I was given the following exercise to solve:

The Hawaiian language consists of 12 letters. There are 7 consonants: HKLMNP and W and there are five vowels: AEIO and U. In a word, no two consecutive letters can be consonants and all words end in a vowel. Suppose you are given, without spaces, a very long list of putative decrypts of a given cipher (where you know the plaintext is Hawaiian). Let’s say you have $2^{50}$ decrypts. The decrypts may only use the 12 letters. How would you analytically recognize the answer? Quantify how efficient your method would be - and how long a text you would require to be able to (probabilistically) differentiate between the correct answer and random “noise” (where you can assume that you don't read or speak Hawaiian)?

I don't know where to begin solving this. Any sense of direction would be great.

  • 4
    $\begingroup$ This looks like a homework dump. We are okay with helping you with your homework, but we need to know where you are stuck in coming up with the answer on your own. What have you tried? $\endgroup$
    – mikeazo
    Oct 3, 2017 at 19:06
  • $\begingroup$ I don't know where to begin, a sense of direction would be great. @mikeazo $\endgroup$
    – kathy
    Oct 3, 2017 at 19:16
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    $\begingroup$ I'm reading the question differently from @mikeazo . I assume that no Hawaiian dictionary or knowledge of frequency distribution in the Hawaiian language is available. It is still possible to eliminate those putative decrypts that violate the one stated rule in the Hawaiian language: "no two consecutive letters (in a word) can be constants, and all words end in a vowel". The task is to estimate how effective that is. It can be solved by a simulation or reasoning assimilating putative incorrect decrypts to uniformly random letters among the 12. $\endgroup$
    – fgrieu
    Oct 3, 2017 at 19:41
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    $\begingroup$ Hint: we can replace all constants by H and all vowels by A. After this, ciphertext "AAHA" can no be eliminated for it could be "A A HA", "A AHA", "AA HA", or "AAHA". But we can eliminate "AHHA" which can't be Hawaiian. $\endgroup$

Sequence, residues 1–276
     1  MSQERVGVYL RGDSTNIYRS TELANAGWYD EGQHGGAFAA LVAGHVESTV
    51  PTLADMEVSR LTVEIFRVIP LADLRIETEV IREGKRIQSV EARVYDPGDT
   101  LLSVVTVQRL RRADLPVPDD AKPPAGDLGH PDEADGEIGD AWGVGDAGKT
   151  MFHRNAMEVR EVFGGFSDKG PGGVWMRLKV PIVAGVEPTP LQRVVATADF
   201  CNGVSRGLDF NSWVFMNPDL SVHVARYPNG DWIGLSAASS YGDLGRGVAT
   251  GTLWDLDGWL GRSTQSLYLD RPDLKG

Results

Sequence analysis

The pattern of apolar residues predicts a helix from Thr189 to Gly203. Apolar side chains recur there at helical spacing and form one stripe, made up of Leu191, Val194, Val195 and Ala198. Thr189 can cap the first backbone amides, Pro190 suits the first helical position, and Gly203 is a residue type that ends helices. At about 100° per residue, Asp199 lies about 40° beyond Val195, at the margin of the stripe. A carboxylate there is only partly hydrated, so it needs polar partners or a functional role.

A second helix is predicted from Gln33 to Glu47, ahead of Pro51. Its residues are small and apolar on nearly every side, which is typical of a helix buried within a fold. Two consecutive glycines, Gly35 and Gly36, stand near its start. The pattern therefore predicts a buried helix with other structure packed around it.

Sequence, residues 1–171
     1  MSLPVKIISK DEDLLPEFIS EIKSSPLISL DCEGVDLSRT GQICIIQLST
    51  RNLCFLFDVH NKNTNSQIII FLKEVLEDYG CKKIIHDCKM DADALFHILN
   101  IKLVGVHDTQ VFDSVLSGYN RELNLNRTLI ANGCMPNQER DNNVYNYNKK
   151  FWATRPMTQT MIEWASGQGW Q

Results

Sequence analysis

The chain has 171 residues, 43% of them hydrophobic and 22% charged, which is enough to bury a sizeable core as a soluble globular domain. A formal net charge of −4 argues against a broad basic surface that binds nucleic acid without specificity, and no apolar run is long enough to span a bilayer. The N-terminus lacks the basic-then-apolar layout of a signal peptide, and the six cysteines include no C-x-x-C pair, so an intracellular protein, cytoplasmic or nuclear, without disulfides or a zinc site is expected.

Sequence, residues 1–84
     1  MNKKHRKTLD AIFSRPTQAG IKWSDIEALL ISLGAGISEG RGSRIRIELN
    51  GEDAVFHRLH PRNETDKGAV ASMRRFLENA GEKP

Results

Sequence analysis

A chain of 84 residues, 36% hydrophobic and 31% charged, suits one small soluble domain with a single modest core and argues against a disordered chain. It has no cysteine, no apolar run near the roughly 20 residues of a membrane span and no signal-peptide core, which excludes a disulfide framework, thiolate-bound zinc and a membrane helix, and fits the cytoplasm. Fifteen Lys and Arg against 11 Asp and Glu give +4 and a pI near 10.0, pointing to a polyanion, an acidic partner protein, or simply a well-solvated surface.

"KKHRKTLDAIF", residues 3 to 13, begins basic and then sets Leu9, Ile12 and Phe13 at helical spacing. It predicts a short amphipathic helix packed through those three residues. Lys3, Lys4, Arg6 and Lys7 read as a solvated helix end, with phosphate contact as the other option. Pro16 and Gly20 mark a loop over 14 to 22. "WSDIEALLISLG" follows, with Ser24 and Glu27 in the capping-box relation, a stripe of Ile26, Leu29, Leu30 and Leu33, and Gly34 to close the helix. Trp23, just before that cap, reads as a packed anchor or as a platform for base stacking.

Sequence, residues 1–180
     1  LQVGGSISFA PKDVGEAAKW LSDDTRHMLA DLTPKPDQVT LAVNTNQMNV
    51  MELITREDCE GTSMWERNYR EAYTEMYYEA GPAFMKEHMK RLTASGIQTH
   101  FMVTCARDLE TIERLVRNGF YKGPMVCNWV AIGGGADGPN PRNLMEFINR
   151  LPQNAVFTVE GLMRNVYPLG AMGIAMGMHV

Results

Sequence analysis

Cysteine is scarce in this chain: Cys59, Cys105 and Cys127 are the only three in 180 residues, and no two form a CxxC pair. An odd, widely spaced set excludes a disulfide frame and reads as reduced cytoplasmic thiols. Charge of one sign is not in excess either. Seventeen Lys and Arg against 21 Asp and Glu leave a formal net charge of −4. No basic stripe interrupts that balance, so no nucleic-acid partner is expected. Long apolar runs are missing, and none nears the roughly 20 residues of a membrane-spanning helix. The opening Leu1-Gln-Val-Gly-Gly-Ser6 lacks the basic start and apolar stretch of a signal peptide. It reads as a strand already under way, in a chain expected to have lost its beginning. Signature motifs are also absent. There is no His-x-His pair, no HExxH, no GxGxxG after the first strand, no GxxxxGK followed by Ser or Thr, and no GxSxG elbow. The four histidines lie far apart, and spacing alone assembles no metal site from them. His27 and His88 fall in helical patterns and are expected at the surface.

– fgrieu
    Oct 3, 2017 at 19:57
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    $\begingroup$ @kathy: think it through; why can't "AHHA" be Hawaiian? Are there other patterns that also can't be Hawaiian? Is there any simpler patterns that never show up in valid Hawaiian? $\endgroup$
    – poncho
    Oct 4, 2017 at 18:36

1 Answer 1


Let's assume that the incorrectly decrypted messages look like random sequences of letters. That assumption might not be exactly correct, but for most modern ciphers it should be pretty close. In any case, the mention of "random noise" in the assignment suggests that this is indeed the assumption that we're supposed to make.

According to the given rules of Hawaiian morphology, no word may contain two consonants in a row or end in a consonant. This implies that the correct plaintext can never contain two consonants in a row.

In an incorrect plaintext, the probability of each letter being a consonant is 7 out of 12. From this, you should be able to calculate (or at least approximate) the probability of two consonants appearing adjacent to each other in the incorrect plaintext as a function of its length.

Given this probability, you can then calculate the probability of all the $2^{50}-1$ incorrect plaintexts having at least one pair of adjacent consonants. Then pick some reasonably high target probability (say, 0.9999) and calculate the minimum plaintext length needed to meet it. (Of course, you really should give the full formula for the plaintext length needed to reject all the incorrect plaintexts with a given probability, so that the person reading your answer can choose a higher or lower target probability if they want.)


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